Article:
I am back from Ukraine and Norway, still replete with the memories of intense, exciting and often moving places, meetings and forums.
Everywhere we went, we were welcomed in friendship, focusing on the importance of not only celebrating and reinforcing our ties, but of gathering our ideas and strengths together to find solutions to the current economic and social challenges we face. In addition to official meetings, bilateral discussions and official ceremonies, we had many opportunities to meet with the public, and hold forums with young people, artists, representatives from civil society and people from the business community.
Ukraine is touched by the solidarity our country has always shown in times of humanitarian crisis and political upheaval, which pushed thousands of Ukrainians to find refuge in Canada in the 19th century. There are now over one million Canadians of Ukrainian origin. Ukraine has also never forgotten that Canada was the first Western country to recognize the Republic of Ukraine in 1991, after the referendum in which over 90 per cent of the population voted in favour of independence. We also followed, with great interest, civil society’s unprecedented mobilization in favour of the rule of law and democracy, during the feverish days of the Orange Revolution, in the winter of 2004. Our State visit was another way of showing our Ukrainian friends that they are not alone. The global economic crisis has hit them hard, as they are in the midst of an economic and political transition. The people we met at the forums we organized with civil society told us how difficult things are, but how crucial it is for them, now more than over, to not give up or succumb to gloom and doom. That is the challenge. Every day, they draw from their greatest strengths: a heightened sense of history; a feeling of belonging to a rich and remarkable culture; an ability to rise up from the worse hardships; and a profound desire to assert themselves, lend their voice to Europe’s dynamism, and play a role on the international stage.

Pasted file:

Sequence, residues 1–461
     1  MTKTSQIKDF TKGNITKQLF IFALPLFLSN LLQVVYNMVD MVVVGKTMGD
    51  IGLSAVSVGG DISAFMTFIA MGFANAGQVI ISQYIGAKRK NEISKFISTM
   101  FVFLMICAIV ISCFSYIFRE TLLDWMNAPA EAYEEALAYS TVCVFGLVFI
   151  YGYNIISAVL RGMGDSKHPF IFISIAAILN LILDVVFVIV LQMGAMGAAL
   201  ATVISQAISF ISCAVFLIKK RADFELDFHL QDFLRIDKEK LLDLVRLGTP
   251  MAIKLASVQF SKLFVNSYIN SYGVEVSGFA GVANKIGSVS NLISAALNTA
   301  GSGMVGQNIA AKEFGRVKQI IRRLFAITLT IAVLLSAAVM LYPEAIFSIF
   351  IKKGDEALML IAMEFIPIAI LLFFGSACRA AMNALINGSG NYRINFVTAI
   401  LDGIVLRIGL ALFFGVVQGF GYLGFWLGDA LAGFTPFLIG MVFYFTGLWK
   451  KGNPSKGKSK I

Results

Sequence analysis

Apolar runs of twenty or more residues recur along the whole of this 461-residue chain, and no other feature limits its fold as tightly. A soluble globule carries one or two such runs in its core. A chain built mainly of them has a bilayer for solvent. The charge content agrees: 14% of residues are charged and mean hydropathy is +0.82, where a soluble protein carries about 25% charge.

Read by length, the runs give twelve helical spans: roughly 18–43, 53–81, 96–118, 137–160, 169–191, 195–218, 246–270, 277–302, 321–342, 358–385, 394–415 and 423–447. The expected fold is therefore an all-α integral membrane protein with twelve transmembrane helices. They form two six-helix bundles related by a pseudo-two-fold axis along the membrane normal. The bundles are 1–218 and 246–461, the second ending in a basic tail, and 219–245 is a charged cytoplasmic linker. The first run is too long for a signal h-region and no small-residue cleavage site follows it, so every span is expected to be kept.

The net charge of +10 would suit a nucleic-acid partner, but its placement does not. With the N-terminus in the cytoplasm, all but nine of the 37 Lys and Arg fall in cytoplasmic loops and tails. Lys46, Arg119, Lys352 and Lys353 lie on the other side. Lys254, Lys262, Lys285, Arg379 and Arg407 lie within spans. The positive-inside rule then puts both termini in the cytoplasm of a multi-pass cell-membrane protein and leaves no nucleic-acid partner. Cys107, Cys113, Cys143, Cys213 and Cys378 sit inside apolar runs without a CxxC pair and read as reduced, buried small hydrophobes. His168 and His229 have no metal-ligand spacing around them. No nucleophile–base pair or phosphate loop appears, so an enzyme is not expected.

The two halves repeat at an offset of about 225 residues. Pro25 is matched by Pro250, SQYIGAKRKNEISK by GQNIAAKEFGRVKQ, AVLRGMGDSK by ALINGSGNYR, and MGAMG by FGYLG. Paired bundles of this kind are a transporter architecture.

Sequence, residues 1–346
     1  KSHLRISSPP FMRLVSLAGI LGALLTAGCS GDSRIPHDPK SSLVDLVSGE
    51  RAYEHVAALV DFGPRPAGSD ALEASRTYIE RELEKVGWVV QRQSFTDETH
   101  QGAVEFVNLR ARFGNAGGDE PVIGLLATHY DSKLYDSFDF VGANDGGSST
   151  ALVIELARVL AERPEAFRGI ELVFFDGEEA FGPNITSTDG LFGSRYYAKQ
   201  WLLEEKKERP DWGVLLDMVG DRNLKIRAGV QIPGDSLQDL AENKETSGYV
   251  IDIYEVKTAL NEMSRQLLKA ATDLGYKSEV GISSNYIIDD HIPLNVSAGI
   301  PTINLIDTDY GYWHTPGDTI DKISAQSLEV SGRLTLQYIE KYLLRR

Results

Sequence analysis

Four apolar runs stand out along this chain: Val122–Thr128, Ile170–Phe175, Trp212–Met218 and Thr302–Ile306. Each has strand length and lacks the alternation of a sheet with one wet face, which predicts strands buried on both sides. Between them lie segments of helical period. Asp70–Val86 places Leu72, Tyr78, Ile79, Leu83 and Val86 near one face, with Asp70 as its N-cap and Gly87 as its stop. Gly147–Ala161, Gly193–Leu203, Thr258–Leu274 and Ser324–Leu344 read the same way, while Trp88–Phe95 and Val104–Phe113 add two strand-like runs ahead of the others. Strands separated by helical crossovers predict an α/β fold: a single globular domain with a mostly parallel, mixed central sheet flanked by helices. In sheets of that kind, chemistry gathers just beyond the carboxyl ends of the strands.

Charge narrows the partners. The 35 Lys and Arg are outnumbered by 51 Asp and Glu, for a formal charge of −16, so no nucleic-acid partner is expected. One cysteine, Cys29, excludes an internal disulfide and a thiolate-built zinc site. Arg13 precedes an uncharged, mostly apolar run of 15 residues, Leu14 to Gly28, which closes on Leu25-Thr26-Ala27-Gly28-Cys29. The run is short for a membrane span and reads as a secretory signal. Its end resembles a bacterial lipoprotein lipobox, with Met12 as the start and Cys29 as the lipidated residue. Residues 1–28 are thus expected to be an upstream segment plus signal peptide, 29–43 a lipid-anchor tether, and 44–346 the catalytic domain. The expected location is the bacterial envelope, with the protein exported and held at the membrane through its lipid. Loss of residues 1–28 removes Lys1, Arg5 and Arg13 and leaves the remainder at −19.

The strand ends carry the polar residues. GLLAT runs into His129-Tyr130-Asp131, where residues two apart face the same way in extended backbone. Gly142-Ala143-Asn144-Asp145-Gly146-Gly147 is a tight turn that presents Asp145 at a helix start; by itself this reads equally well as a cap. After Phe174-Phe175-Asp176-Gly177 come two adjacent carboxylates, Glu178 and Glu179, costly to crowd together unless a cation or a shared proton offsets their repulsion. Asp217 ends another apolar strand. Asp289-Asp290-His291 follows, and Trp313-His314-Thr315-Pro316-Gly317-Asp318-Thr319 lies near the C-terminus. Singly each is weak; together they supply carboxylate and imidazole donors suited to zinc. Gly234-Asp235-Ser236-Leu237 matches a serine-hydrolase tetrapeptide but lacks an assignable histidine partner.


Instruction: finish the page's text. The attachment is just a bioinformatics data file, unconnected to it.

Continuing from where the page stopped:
During our bilateral discussions, there was a lot of talk of how to diversify our partnerships, energize the co-operation between our institutions, and build bridges between our non-governmental organizations. In short, how to make the most of our expertise and practices.
A new Canada-Ukraine chamber of commerce opened. There is a very clear desire to make it easier for young people to travel and take part in exchange programs. The Youth Dialogues held at the Arts Palace, in Lviv, and at the National University of Kyiv-Mohyla Academy, in Kyiv, as well as the discussion with film students, were very lively exchanges. We touched on young people’s commitment to civil society; on the participation and support of youth throughout Ukrainian history; and on how they serve as the impetus behind change: the status of women; recognizing the rights of minorities for a more inclusive society; access to information and education; and the importance of strengthening educational infrastructure.
The Chornobyl Museum was troubling. Recalling and recognizing the extent of the events that took place, listening to survivors … it reminded us that we must all remain vigilant to prevent this type of disaster in the future. Canada still supports the people who were affected by radiation and helps Ukraine explore solutions to contain radioactivity (at the site) and develop a safer way to use nuclear energy.
There are strong networks of solidarity in Ukraine. This was obvious during our meetings with several organizations that assist families, especially those of children living with disabilities (for whom CIDA supports a school integration project), and associations that fight for the recognition of women’s rights and help those who are in crisis situations.
The Canadian delegation was mostly comprised of representatives from civil society. They each made remarkable contributions and important contacts for future co-operation, in the spirit of civic diplomacy, at a more human level—something we like to practice.